Interim Budget 2024-25: Are we on track to achieve healthcare for all?

  • Blog Post Date 05 April, 2024
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The National Health Policy, 2017 set a target of increasing India’s health expenditure to 2.5% of its gross domestic product by 2025. In this post, Sayamsiddha decodes the recently presented Interim Budget, with a spotlight on outlays for health programmes. In her view, the government should complement their current focus on insurance models and private sector role with adequate and effective public provisioning of healthcare. 

The allocation for health in the recently presented Interim Union Budget for 2024-25 was of particular importance, as we are approaching the deadline set by the National Health Policy (NHP), 2017 to achieve the target of increasing India’s health expenditure to 2.5% its GDP (gross domestic product) by 2025. With the Covid-19 pandemic reaffirming the need to focus on universal healthcare, the expectation from the Interim Budget was that it would bridge the gap in public financing and address the persistent challenges in the health sector related to infrastructure, human resources, and high out-of-pocket expenditure, among others.

Decoding Interim Budget 2024-25 for health

According to the Centre for Budget and Governance Accountability’s (CBGA) analysis of the Union Budget, the overall allocation1 in 2024-25 for the health sector stood at Rs. 98,461 crore, which is a marginal increase of 2.6% from the previous budget estimates (BE) and a 14.2% increase from the revised estimates (RE)2. However, despite the enhanced allocations, the sector’s share in the total Interim Budget and as percentage of GDP has declined over the years (Figure 1). The 143rd Report of the Parliamentary Standing Committee notes that such trends of budgetary allocations do not align with the targets set by the NHP (2017) and highlights the need to assign adequate priority to the health sector.

Figure 1. Health Budget (in Rs. crore) as a share of the total budget and GDP (in %)

Source: Compiled by CBGA from Union Budget documents, various years.

It must be noted that while the central government plays a pivotal role in formulating health policies, coordinating national health programmes, and providing financial support to states, the responsibility of healthcare delivery lies with the state governments3. However, our analysis in this post will be limited to the scope of the Interim Budget 2024-25, as the central government makes pivotal foundations to enable and facilitate the states to fulfill their responsibilities.4 

This year, in her budget speech, Finance Minister Nirmala Sitharaman stated that the central government encourages vaccination for girls between the ages 9 to 14 for the prevention of cervical cancer and leveraging the U-WIN platform to manage and intensify immunisation, and plans to build more medical colleges using the existing medical and hospital infrastructure. Another major announcement was related to extending the coverage under the insurance scheme Ayushman Bharat5 to Accredited Social Health Activitist (ASHA) and Anganwadi workers and Helpers (AWWs and AWHs)6 who otherwise remain outside the ambit of social security given their status as volunteers instead of workers. While these announcements are positive, they are not reflected in the budgetary allocations.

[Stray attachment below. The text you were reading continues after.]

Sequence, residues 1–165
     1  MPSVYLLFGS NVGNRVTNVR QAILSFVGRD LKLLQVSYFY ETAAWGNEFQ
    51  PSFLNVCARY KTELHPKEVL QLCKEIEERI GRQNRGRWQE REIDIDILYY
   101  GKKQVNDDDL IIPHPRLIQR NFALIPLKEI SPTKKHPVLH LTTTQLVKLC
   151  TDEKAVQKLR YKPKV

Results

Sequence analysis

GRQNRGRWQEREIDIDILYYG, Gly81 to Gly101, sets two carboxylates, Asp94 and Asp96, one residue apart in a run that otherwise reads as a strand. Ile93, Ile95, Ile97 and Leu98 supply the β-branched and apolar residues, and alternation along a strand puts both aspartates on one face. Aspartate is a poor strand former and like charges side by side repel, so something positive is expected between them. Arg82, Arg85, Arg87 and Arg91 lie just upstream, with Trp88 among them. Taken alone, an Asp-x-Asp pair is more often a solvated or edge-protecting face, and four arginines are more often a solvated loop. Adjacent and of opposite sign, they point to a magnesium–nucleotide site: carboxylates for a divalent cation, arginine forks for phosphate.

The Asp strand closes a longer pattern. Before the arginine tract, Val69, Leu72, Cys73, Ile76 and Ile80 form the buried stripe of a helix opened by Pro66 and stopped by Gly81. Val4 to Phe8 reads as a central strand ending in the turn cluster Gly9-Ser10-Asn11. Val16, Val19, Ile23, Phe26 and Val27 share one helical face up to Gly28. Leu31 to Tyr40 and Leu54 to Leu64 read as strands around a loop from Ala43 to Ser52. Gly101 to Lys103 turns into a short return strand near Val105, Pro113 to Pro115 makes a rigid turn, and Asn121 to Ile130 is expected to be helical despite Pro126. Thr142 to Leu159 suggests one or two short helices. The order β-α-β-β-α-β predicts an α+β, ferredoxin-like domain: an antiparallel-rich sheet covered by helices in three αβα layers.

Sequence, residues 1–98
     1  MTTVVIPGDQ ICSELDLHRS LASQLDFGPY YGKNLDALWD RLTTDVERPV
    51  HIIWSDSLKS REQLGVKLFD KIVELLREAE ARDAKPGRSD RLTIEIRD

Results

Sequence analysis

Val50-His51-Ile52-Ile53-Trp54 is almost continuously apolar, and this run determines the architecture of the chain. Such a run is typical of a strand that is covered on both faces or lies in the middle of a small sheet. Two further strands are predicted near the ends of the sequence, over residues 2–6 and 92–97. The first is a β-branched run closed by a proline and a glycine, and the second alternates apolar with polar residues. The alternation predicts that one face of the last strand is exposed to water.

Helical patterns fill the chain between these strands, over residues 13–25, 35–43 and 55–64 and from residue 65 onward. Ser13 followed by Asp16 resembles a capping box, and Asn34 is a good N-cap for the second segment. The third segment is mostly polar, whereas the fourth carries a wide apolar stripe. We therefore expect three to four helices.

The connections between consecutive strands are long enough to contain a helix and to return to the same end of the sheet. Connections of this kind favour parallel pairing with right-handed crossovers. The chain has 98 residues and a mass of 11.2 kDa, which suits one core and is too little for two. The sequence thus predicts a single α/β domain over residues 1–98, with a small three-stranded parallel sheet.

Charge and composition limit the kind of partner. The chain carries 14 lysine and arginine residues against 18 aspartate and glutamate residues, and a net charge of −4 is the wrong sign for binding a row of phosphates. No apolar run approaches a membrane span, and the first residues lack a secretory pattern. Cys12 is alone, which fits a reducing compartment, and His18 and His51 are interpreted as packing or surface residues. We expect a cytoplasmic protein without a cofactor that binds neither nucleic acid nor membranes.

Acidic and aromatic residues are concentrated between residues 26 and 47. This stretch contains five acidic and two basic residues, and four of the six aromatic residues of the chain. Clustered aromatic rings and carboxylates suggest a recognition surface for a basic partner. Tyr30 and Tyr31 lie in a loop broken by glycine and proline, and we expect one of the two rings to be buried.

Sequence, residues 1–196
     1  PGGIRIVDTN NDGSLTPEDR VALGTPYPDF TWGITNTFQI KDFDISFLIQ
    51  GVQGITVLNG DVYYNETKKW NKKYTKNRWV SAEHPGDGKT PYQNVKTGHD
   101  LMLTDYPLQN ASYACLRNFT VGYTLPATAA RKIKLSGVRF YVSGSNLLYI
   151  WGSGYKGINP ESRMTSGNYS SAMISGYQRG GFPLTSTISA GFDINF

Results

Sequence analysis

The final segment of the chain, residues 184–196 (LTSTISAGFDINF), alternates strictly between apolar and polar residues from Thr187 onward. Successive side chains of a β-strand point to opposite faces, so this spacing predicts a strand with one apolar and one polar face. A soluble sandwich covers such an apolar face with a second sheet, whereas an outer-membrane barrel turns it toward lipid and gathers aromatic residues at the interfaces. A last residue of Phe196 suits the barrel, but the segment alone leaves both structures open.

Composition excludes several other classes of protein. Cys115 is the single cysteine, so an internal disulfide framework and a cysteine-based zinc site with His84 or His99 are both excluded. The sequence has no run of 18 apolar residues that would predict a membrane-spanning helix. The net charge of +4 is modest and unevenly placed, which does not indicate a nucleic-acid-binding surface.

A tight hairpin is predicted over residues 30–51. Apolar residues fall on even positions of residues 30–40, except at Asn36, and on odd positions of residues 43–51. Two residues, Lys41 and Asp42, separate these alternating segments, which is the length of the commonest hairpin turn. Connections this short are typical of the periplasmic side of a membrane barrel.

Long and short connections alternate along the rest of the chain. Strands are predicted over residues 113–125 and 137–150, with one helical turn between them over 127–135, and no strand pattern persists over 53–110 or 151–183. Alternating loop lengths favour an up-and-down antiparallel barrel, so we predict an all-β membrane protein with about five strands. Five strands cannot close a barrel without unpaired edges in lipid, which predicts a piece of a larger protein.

Where are we now in terms of universal healthcare?

According to Rural Health Statistics (RHS) of 2021-22, in rural areas, there is a 25% shortfall in Sub Centres (SCs), 31% shortfall in Primary Health Centres (PHCs), and 36% shortfall in Community Health Centres (CHCs).7 Similarly, in the case of urban areas, the shortfall in PHCs was reported to be 39.7%. In tribal areas, there is 7.6% deficit in SCs, 30.7% in PHCs and 23.8% in CHCs. In order to address these shortfalls and strengthen the health infrastructure in both rural and urban India, the 15th Finance Commission recommended the provision of Rs. 70,051 crore in health grants from the union to the states for the period from 2021-22 to 2025-26. However, an analysis of the last four years reveals that only Rs. 25,564.87 crore, or 36.5% of the total recommended provision, has been released so far. 

Among the major schemes for health announced in the Interim Budget 2024-25, a mixed trend can be observed. Under the Department of Pharmaceuticals, schemes such as Jan Aushadhi, which aims to provide quality generic medicines at affordable prices to the masses, and the Production Linked Incentive (PLI) Scheme, which seeks to promote India’s manufacturing capabilities in the pharmaceutical sector, were given impetus – with an increase in allocation by 147% and 79% respectively over previous year’s budget estimates. However, schemes meant for infrastructure development, such as Pradhan Mantri Swasthya Suraksha Yojana (PMSSY), which envisages creation of tertiary healthcare capacity, and Pradhan Mantri Ayushman Bharat Health Infrastructure Mission (PMABHIM), which focuses on developing primary, secondary and tertiary health infrastructure, reported a decline in the current Budget compared to 2023-24 estimates (BE) by 29% and 7%, respectively. It is important to address this trend with a proactive approach, especially considering the current state of health infrastructure in India.